You control the snake, using the [arrow keys] to point it in the direction you want it to go. Like in classic Snake, the goal is to eat food pellets, which make you longer, while avoiding walls and your ever-growing body. Like in classic Breakout, there is also a ball, which you should use to clear each level of obtrusive colored blocks. The snaky body is used to bounce the ball into blocks, the catch being that the ball can only destroy blocks the same color as itself. When you eat a colored food pellet, you add a new segment of the same color to the snake, and the ball also changes color when it bounces off that segment. So color transfers from the pellet, to the snaky body segment, to the ball, to the correspondingly colored block which it destroys. Clear the playing field of blocks without crashing into yourself or other obstacles, and live to see another level.
Analysis: The synthesis of these two classic games works fairly well, and after a few trial runs it's pretty easy to get in the groove of knocking down colored blocks, using colored balls with the slithering paddle that is also a snake. There is, however, a high degree of randomness, which may or may not be to your liking. The colored pellets appear randomly, and only a few appear at a time before you eat some, so there isn't much you can do to control the color of the snake. It's also difficult to control what color the ball becomes, and you are much better off guiding the snake towards the ball and leaving its color to fate. There is still a certain amount of strategy in corralling balls toward blocks and in judging when to eat and when to stop eating.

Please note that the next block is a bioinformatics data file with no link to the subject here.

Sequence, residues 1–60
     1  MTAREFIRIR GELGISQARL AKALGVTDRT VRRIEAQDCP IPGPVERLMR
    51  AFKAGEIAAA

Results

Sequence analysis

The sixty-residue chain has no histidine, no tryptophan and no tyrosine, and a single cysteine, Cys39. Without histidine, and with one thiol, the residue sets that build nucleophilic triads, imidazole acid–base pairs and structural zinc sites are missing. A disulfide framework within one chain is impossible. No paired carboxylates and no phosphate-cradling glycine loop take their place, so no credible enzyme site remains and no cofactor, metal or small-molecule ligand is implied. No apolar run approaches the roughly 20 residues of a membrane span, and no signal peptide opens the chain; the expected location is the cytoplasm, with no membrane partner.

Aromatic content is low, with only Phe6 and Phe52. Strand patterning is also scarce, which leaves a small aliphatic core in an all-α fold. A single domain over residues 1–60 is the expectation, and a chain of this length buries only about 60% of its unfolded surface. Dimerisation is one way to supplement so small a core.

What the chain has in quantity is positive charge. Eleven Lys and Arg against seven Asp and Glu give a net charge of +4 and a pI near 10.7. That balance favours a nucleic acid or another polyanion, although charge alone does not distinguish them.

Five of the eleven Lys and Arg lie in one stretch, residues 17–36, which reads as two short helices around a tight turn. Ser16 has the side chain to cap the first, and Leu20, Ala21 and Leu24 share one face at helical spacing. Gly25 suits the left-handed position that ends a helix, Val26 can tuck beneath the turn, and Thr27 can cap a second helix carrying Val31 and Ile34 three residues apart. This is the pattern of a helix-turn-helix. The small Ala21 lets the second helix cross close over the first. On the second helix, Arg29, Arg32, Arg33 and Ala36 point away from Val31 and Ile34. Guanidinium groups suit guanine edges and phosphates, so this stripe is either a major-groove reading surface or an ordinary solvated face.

There are a number of different power-ups, such as classic multi-ball, or the "Supercharged" snake which can destroy blocks directly; and while these power-ups add variety to the game, they also tend to add to its randomness. Among the block-destroying levels are also a number of geometric boss fights (Behold the dread fury of the Meta-Square!), and while they have little to do with the core mechanic, they also add a different twist, as you puzzle out how to destroy these Euclidean menaces with your limited repertoire of maneuvers.
I'm a big fan of the randomly generated soundtrack in RADiancE. The ball produces random pitches whenever it strikes a surface, and the music changes key every time a block is destroyed (actually, I think it changes mode, but that only matters if you're a music theory nerd like me). The music gets more intense, adding percussion and ambient harmony as you destroy more blocks. While it sounds a little abrupt in earlier levels with fewer blocks, it's very effective when there are many blocks to destroy and the music has a chance to build gradually. I imagine, though, that the code and resources needed to execute the music is what accounts for the unusually long loading time, so there is a price.
RADiancE is much more than a slapdash chimera of two different classic games. The colorful neon graphics and inventive use of music and sound make for a bold, flashy presentation. And while there is more than a little bit of randomness in the gameplay, there is also enough skill required to make it interesting to arcade fans. RADiancE goes beyond simply combining two games and expands the concept into something original.